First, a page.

6 Takeaways: What’s happened and what does it mean for businesses in Hong Kong?
1. Formal review and study of possible amendments to Personal Data (Privacy) Ordinance (PDPO)
As anticipated for some time, the Hong Kong Government is now formally reviewing and studying possible amendments to the PDPO jointly with the Office of the Privacy Commissioner for Personal Data (PCPD) aimed at strengthening the protection of personal data in Hong Kong.
The Constitutional and Mainland Affairs Bureau published a paper (LC Paper No. CB(2)512/19-20(03)) (Review Paper) for discussion at the Legislative Council Panel on Constitutional Affairs meeting on 20 January 2020.
Nothing has changed as yet: this is the start of a review process that will take some time before we see any specific proposals for legislative amendments to the PDPO.
2. Focus on six key proposals
The Review Paper does not propose a complete redraft of the PDPO. Instead, it focuses on six key proposals which we summarise in this update:
- mandatory data breach notification;
- requirement for a data retention policy;
- introducing the ability for the PCPD to impose direct administrative fines;
- regulation of data processors;
- expanding the definition of personal data; and
- regulating the disclosure of other data subjects' personal data.
Whilst the Review Paper proposes certain "GDPR-like" elements, many of the proposals are in response to specific data privacy issues in the digital age that have arisen locally in Hong Kong (in particular data security breaches and an increase in doxxing cases).
3. Greater powers for PCPD proposed
Of particular interest to Hong Kong businesses is the proposal for the PCPD to have more "teeth" and the ability to directly impose administrative fines "linked to the annual turnover of the data user": this follows the approach under the EU GDPR where regulators can issue a fine up to EUR 20 million or 4% of global annual turnover (whichever is higher).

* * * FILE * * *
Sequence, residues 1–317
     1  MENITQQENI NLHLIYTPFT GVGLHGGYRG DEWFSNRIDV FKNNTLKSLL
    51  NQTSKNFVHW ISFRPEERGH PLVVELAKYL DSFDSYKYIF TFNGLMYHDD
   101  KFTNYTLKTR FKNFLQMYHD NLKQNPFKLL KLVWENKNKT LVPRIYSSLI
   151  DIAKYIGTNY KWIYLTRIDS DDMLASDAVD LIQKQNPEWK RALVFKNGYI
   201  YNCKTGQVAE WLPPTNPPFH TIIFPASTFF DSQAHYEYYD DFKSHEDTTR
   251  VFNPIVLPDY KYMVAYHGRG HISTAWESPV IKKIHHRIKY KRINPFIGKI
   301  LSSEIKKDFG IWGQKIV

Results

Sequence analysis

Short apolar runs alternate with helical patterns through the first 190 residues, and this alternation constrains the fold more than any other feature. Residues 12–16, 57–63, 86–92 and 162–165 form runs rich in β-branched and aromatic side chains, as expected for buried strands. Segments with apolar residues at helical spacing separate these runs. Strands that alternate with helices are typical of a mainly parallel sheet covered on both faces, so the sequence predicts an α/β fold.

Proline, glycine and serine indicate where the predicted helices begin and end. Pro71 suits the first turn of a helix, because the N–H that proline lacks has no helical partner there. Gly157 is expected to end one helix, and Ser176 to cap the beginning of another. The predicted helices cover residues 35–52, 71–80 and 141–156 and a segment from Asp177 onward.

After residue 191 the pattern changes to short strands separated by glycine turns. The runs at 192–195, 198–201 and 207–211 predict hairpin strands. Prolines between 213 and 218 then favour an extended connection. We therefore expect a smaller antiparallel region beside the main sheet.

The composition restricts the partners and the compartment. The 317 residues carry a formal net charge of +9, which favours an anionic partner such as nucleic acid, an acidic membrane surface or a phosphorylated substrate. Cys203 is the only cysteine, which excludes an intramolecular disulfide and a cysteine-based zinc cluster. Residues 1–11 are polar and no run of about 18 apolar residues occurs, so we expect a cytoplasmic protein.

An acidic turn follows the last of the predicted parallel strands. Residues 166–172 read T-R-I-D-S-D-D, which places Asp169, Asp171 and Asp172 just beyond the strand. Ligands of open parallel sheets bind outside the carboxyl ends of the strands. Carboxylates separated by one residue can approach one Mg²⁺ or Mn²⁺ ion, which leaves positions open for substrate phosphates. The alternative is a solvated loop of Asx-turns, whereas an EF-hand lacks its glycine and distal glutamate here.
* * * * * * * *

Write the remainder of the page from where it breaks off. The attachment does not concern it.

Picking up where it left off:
The Government is also considering legislative amendments which would give the PCPD statutory powers to request the removal of doxxing content from social media platforms and websites, as well as the power to carry out criminal investigations and prosecution.
4. Increased compliance requirements if proposed changes come into effect
For businesses in Hong Kong who have not updated their privacy programmes to a higher global standard, they will have greater compliance requirements to meet (in particular on data breach and data retention) if the PDPO is amended to implement the changes outlined in the Review Paper. If the proposal to increase the PCPD's sanctioning and prosecution powers comes into effect, this would heighten the risk of privacy non-compliance for companies doing business in Hong Kong.
Businesses should monitor this area as it develops, as existing data governance policies and practices will need to be revisited if new requirements are introduced as a result of this PDPO review.
5. Next steps
The immediate next step is for the Government and the PCPD to work together to conduct a further in-depth study on concrete legislative amendment proposals and consult relevant stakeholders including the Legislative Council Panel on Constitutional Affairs.
There is currently no indicative timeline for tabling amendments and it is not yet clear when any formal amendments may take effect.
6. Will any other changes be proposed?
It remains to be seen if further proposals will be considered at a later stage to enhance other areas of the PDPO and introduce additional "GDPR-like" elements similar to those being considered or incorporated into the data privacy laws of other Asia Pacific economies.
The Review Paper indicates that the six proposals are the PCPD's "preliminary recommendations on PDPO amendments" and the present study focuses only on these amendments. Other areas such as an accountability obligation, a definition of sensitive data, increased rights of data subjects (e.g., data portability and the "right to be forgotten") and, in particular, cross-border data transfer (currently included in section 33 of the PDPO but not yet in force) do not feature in the proposals.